She is the only center entrance car currently in the fleet.
Matilda has a unique interior configuration with longitudinal seating at each end, and transverse seating in the middle.
369 is divided into three compartments and has beautiful interior woodwork.
369 uses General Electric K35JJ controllers.
She has 27-inch diameter wheels and four 40-horsepower 600-volt DC motors.
Having come from "Down Under," it was only natural to nickname her "Matilda."
Matilda's restoration was sponsored by Lincoln Properties Co. and Metropolitan Insurance Co.

Car 636 "Petunia"

Car 636 was part of an order for 25 streetcars for the Dallas Railway Co. from the J. G. Brill Co.
Petunia, built in 1920, a "Birney Safety Car," (or Birney, for short) is named after its designer, Charles O. Birney of the Stone & Webster Co.
The design incorporated numerous operational and safety improvements over earlier streetcars that permitted one man operation and thereby allowed street railway companies to reduce their expenses.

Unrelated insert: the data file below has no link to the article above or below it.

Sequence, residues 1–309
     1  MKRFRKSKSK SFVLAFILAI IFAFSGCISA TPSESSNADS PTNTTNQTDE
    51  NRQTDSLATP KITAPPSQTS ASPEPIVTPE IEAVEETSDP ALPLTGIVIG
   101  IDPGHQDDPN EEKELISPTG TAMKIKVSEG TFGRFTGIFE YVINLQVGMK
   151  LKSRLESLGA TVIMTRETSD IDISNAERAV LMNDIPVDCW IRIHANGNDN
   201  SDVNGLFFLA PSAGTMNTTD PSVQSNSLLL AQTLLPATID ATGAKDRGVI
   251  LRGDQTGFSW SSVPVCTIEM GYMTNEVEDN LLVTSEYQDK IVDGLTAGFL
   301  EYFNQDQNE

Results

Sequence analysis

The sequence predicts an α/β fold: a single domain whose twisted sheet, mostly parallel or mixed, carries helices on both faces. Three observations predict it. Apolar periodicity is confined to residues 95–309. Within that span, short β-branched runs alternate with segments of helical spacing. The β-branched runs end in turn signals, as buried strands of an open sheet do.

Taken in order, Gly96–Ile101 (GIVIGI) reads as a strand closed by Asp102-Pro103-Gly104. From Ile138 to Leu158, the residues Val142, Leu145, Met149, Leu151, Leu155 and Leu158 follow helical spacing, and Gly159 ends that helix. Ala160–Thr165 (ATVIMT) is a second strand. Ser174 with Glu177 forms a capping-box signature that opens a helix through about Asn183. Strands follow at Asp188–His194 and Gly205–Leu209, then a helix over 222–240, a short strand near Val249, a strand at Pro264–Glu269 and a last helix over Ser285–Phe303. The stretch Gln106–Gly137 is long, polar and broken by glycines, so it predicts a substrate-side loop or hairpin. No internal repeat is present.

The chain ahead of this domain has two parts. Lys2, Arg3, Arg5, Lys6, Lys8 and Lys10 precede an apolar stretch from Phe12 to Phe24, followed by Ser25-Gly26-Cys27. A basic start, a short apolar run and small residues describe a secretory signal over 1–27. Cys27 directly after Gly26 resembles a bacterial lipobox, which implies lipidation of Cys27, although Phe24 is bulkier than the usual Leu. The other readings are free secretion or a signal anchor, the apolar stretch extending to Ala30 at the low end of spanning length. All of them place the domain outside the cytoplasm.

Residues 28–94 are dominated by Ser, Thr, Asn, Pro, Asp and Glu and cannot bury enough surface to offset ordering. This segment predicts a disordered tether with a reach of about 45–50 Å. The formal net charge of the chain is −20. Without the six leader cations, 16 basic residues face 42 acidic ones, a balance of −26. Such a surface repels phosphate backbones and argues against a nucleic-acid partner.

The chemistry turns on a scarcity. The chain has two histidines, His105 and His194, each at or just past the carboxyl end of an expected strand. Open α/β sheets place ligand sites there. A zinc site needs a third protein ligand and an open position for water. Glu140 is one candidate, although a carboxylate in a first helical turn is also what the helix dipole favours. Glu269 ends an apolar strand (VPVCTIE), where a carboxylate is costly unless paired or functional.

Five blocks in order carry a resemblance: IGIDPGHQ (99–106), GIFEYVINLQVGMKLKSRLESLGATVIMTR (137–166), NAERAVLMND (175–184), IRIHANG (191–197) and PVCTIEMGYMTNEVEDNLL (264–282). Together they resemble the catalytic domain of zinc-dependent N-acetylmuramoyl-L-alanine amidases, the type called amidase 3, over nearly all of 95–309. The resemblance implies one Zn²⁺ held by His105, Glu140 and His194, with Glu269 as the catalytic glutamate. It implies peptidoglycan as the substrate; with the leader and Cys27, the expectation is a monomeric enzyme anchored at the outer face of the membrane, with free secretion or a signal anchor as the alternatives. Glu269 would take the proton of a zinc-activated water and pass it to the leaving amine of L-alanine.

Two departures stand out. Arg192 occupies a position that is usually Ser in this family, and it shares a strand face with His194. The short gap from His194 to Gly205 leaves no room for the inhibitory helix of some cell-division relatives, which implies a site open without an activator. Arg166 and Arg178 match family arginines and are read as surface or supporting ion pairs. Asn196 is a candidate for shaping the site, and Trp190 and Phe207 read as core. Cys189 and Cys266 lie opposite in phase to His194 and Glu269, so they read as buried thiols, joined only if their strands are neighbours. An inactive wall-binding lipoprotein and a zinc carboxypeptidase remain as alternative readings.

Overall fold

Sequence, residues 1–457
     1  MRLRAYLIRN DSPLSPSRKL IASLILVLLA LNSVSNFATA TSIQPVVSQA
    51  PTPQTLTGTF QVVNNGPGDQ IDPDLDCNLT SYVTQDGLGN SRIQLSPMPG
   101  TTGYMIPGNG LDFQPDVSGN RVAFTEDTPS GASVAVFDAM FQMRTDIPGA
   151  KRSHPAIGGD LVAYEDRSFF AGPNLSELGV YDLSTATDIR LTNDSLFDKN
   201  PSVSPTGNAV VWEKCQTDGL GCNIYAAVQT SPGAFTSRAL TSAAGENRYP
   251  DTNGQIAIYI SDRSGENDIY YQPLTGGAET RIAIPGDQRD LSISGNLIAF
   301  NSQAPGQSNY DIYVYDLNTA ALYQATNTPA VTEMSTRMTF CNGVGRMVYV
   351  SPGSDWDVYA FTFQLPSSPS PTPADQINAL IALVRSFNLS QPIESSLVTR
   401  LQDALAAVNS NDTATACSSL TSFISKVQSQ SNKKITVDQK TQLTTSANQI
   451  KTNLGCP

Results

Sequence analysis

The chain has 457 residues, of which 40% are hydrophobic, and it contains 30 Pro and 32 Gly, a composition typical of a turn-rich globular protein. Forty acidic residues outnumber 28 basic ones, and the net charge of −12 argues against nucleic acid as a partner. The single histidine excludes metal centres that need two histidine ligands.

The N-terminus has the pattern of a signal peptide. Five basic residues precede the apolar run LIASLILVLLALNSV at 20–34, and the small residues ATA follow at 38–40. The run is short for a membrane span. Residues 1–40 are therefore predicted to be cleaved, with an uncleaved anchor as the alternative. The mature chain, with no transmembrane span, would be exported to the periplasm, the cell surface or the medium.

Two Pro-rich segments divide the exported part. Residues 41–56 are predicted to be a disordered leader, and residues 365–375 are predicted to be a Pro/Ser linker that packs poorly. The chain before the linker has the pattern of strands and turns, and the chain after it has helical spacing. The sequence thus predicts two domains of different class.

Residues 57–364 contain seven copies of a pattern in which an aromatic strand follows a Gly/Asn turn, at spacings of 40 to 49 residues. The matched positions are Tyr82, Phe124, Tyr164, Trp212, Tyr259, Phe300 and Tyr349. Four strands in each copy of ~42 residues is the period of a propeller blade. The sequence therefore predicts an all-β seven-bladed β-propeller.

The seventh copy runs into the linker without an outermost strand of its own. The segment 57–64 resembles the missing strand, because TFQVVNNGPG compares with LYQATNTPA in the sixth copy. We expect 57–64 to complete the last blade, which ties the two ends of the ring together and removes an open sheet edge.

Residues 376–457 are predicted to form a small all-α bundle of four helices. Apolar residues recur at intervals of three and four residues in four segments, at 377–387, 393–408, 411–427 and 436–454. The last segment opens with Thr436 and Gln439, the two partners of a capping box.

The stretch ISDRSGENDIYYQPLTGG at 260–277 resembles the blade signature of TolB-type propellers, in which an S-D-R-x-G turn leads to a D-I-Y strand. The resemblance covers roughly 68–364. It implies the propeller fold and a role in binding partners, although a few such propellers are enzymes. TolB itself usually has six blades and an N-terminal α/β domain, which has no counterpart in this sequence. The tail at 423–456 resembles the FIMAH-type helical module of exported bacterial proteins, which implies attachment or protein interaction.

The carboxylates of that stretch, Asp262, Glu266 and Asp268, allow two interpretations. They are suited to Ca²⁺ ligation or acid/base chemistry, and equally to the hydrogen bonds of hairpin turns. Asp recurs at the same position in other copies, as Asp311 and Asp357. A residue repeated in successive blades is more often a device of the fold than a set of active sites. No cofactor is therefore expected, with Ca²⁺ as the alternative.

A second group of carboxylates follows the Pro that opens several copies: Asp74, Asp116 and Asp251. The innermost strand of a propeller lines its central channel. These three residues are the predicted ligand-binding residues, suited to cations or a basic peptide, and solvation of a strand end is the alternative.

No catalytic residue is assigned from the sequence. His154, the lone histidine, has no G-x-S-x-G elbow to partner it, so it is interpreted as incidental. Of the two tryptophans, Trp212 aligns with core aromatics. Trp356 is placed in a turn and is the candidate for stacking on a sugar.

Birneys were known for their bouncy riding qualities and were never very popular with the Dallas riding public.
Nevertheless, 636 ran in Dallas until 1947 when she was replaced by more modern equipment.
She was stripped of her wheels, motors, and electrical equipment before being sold to serve as a residence for 30 years.
When Ed Landrum acquired the car in the 1970s it contained a bed, sink, stove, refrigerator, easy chair and blue curtains.
Ed cosmetically restored the car and donated it to MATA.
Ed and John Landrum, Frank Schultz and Dean Smith designed and built 636's current 8-foot-long truck using parts from the extra Melbourne trucks purchased along with Car 369.